“The Wire” an American Crime drama that is often cited for its realistic portrayal of urban life in Baltimore Maryland has never made it with mass audiences, nor has it won any noteworthy television awards, however it is hailed by many critics as one of the best series to have ever been produced. Broaching themes such as race, stereotypes, and corruption, “The Wire” makes a strong social commentary on sociopolitical themes and dysfunction communities/institutions. Throughout the fourth season, the viewers witness the visual narration of institutions including- the governmental, police, and drug trafficking operations. By juxtaposing these three social establishments we come to find that they are more similar than they are different despite their roles as the “good” or “evil” forces within society.
In the first four episodes of season four we see how the drug “food-chain” operates in Baltimore. From dealers, to cops, to politicians, everyone’s job and lifestyle seems to be dependent upon the sale, or control of drugs. All three institutions are driven by capital, at any moral expense and those working within each system become enslaved to its immorality. However we also see that no matter how dedicated one may be to their institution, betrayal by the institution one serves is inevitable. For this reason, the desires and morality of the individual is often compromised by the opposing views of the group. We see this when McNulty refuses to accept a promotion for field work, and when Randy Wagstaff is forced to relay a message that results in the murder of one of the drug dealers.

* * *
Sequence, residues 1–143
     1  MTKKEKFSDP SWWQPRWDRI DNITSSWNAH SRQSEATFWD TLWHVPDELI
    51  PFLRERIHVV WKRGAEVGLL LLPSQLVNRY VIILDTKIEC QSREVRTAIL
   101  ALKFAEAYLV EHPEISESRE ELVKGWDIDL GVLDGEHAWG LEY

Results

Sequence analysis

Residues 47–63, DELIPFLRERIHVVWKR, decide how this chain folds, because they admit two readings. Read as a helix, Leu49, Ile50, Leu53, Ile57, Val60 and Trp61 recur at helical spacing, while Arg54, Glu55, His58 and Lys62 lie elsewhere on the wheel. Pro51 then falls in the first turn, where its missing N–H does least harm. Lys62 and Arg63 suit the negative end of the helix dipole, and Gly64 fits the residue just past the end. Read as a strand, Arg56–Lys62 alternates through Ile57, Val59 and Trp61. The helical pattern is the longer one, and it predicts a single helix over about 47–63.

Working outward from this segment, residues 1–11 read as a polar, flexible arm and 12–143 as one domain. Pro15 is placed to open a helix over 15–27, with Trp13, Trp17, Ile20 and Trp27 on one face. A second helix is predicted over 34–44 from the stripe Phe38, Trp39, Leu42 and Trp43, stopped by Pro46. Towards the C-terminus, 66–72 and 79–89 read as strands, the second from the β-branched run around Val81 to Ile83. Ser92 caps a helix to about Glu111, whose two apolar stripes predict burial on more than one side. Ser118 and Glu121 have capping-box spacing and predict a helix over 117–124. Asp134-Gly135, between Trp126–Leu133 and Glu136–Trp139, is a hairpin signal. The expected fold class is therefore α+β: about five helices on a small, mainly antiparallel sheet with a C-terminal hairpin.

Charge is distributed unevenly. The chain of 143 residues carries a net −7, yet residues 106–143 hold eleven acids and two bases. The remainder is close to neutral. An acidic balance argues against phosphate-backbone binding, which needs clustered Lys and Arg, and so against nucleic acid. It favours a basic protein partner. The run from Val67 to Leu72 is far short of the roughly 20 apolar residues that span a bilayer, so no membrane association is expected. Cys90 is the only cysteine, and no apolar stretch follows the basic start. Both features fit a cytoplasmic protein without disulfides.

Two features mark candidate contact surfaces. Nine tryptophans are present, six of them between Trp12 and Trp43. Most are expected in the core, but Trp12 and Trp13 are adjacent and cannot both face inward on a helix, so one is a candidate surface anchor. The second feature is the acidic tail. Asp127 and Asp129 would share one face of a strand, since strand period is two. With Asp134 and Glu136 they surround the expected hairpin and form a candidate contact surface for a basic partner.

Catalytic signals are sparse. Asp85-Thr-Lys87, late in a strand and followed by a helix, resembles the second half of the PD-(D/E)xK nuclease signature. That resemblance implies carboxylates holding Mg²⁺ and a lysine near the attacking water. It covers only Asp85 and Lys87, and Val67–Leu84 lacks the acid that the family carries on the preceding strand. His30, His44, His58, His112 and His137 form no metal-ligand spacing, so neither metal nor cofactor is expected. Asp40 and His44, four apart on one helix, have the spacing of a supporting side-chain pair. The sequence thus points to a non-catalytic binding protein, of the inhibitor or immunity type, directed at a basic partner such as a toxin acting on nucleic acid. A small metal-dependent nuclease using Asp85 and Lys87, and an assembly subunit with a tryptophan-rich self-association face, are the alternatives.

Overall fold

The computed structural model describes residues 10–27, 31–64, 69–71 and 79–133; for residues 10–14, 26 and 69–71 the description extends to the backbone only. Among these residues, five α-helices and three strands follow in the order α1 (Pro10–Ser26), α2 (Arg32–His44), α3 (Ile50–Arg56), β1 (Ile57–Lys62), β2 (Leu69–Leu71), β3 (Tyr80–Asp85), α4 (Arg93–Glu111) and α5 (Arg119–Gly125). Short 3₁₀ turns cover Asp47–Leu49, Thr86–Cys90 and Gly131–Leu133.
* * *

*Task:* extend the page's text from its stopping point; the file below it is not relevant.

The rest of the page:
The compromised morality these institutions impose upon their members is also punctuated by the strategic use of realism within the series. The characters, the setting, and the process of each institution is well depicted and creates an immersive viewing experience for the audience. In episode one of season four, we are initially exposed to Felicia “Snoop” Pearson, who is a lethal member of Marlo’s crew. Her demeanor and slang in the opening scene almost throw you back a bit when you first hear her speak. Besides not being able to understand a word she is saying, the viewer feels as through this character is not ad will not compromise who she is even when she is out of her element. This opening scene really sets the tone for the rest of the season and lets the viewer know that they are not getting themselves into the classic over-played crime drama.
The Baltimore City Paper did a great piece on the “Ghetto Tourism” that realistic shows such as “The Wire” are breeding. http://www.citypaper.com/special/story.asp?id=11846